Insecure’s Yvonne Orji is celebrating her Emmy nomination, the release of her HBO comedy special, Momma, I Made It! and the diverse voices leading Hollywood.
The actress and comedian recently joined PEOPLE’s Paula Ngon on the :BLACKPRINT #NoFilter Instagram live series to discuss how the Black experience is not one size fits all — and how her road to success has unfolded.
“How I first got into entertainment was through comedy, and I didn't know that I could even do comedy. I didn't really know that you can make a living telling jokes,” she told Ngon. “I used to watch Def Comedy Jam growing up on HBO, which is hysterical because I have an HBO comedy special.”
The 36-year-old actress got the hang of her comedy chops unexpectedly back in 2006 when her brother asked if she wanted to join a Miss Nigeria in America pageant. After agreeing and not giving it much thought, she came face to face with a career-defining moment when she needed a talent for the pageant event: “I just was like, ‘My talents are making straight A's, can I do that on stage? Because that's where I am in my life.’”
She went on to share that a specific prayer helped lead her in the comedy direction.
“I was praying like, ‘God, you got to come through for me. What can I do? I can't sing, I can't play the piano… What's popping?’” she said. “And I heard the Holy Spirit say, ‘Do comedy.’ And I was like, ‘Nah son. Stop, what are you talking about?’ And he was just like, ‘Well, what else you got?’”
After leaving the crowd laughing at the pageant and winning another competition shortly afterward, fast-forward more than a decade later, Orji has successfully turned her skills and love of comedy into a Hollywood career. After first moving to New York to try her hand in the industry, she eventually moved to Los Angeles where she met Issa Rae, the star and creator of Awkward Black Girl and HBO's Insecure, and began the journey to where her career is today.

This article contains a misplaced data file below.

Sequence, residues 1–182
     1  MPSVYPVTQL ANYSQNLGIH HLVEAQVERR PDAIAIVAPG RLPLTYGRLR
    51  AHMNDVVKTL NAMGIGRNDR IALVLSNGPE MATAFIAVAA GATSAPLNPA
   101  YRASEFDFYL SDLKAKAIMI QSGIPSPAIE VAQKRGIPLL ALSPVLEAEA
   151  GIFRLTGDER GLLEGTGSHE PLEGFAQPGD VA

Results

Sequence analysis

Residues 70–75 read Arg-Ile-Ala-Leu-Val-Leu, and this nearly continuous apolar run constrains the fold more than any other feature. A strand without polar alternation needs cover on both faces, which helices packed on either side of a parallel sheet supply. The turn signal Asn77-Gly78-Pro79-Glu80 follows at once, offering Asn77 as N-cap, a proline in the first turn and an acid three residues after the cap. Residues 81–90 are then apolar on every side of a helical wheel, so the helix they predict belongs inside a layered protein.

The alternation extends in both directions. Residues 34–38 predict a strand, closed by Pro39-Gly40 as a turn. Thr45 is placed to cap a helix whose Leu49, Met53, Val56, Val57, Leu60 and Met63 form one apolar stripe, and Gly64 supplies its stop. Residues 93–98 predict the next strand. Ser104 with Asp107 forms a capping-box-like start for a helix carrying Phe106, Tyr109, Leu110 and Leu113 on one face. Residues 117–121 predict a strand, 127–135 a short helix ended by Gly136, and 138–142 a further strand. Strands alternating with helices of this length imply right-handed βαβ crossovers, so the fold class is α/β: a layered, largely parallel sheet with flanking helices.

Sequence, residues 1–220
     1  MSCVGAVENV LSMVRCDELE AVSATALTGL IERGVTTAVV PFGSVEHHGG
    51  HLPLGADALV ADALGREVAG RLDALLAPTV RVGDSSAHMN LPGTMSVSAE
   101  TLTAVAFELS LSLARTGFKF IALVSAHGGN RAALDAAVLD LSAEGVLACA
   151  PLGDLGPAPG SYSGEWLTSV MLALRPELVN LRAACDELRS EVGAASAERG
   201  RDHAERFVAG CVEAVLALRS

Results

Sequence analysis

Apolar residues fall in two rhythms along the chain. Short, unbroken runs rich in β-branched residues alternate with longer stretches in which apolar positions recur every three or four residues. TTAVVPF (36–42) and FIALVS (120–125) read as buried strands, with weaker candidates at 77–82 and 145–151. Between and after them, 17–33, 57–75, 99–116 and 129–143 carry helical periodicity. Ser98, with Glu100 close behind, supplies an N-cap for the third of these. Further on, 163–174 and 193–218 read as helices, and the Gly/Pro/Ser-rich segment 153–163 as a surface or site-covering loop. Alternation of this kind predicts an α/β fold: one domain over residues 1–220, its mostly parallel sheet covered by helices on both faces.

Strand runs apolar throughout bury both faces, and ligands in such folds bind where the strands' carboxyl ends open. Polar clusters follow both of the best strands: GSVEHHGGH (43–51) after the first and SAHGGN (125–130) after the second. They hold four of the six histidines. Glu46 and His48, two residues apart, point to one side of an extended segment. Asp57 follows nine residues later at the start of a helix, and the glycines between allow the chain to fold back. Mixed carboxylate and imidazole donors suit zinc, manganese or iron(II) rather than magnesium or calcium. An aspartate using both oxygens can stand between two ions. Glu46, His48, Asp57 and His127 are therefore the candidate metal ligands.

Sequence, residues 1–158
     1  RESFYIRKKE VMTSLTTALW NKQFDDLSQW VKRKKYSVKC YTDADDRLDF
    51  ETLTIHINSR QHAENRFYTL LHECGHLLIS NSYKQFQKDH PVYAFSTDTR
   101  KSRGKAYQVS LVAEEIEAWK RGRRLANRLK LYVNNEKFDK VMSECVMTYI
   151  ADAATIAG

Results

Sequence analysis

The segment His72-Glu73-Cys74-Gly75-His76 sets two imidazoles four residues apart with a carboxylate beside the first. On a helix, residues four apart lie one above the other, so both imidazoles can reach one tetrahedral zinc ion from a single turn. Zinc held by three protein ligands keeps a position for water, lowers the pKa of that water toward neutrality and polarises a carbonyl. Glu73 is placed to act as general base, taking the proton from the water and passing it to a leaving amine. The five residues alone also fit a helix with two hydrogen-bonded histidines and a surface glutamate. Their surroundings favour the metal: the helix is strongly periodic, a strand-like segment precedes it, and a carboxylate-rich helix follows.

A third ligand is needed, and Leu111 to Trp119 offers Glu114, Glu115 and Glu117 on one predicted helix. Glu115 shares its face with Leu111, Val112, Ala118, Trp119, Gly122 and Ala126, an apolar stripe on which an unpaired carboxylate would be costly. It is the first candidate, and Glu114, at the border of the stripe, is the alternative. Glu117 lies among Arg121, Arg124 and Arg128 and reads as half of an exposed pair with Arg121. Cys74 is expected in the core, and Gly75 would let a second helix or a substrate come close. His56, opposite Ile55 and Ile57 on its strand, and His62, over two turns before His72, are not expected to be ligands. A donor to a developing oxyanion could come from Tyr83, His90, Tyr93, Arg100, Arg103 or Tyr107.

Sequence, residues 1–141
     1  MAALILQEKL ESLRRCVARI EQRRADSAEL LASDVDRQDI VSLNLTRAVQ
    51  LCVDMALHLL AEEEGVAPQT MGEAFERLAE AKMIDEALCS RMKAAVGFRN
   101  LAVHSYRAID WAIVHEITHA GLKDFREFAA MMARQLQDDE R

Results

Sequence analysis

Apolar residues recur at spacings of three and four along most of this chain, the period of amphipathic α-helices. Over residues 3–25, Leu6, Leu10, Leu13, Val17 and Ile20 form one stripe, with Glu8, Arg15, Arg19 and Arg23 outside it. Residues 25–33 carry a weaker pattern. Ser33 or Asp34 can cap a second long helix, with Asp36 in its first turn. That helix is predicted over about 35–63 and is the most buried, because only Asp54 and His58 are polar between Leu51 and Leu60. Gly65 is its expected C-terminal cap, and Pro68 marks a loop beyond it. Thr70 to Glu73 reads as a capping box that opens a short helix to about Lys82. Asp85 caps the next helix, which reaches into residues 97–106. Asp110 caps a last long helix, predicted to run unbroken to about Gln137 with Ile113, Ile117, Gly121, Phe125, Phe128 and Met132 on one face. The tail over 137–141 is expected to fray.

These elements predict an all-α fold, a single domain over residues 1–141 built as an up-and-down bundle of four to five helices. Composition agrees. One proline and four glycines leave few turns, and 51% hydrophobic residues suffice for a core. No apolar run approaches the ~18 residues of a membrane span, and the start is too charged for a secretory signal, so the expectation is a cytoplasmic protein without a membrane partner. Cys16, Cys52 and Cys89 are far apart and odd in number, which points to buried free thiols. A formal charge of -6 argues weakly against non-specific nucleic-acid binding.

Now, as a lead actress on the Emmy-nominated Insecure, Orji recognizes the shows’ gravity as it simply shows the humanity, nuance and an “homage to Black culture, to Black people, to South L.A., just a culture” — on and off-screen.
"There's no way you can tell a really coherent and cohesive story with just a fraction of representation across the board,” she said. “Not just on screen, not just in the writer's room — in hair and makeup, in the sound department, in editing, in coloring. … It can't just be, 'Oh, we had a bunch of Black actors.' It's like, 'No, we are a support system.'”
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All I need is one mic! 🎤 And y’all about to get one hot-fiya hour of pure ridiculousness. I think it’s safe to say that we could all use some comic relief right about now, so I’ll see you guys on June 6th at 10pm only on @hbo & @hbomax #MOMMAiMadeIt #LagosToLaurel #PGcountyStandUp #DMVreppin #ComicsAreSexyToo
And having this support system allows for Black people and fellow members of the Insecure team, in particular, to tell compelling stories unapologetically.
“I feel like diversity should not just be a buzzword. Diversity shouldn't be a check to just be like, ‘Yeah, we got a Black person. Oh, we got an Asian person. Oh, we got that,’” Orji explained.
The comedian and actress — who also pays homage to Black culture and her Nigerian roots in her debut stand-up special debut, Momma, I Made It! — then added that the push for diversity should be "a movement."
“It should literally be kind of like a movement. And it should be a way of being, really. Because diverse stories are the best when they're told most authentically," she added.
At the end of day, Orji said representation creates a needed space, professionally and personally, for the Black community to live freely.
“That's what diversity really should be. It's like, I shouldn't have to defend my Blackness. I should just show up and be able to be my Blackness,” she said.
For more, catch the :BLACKPRINT #NoFilter Instagram live interviews on Wednesdays at 5 p.m. ET.
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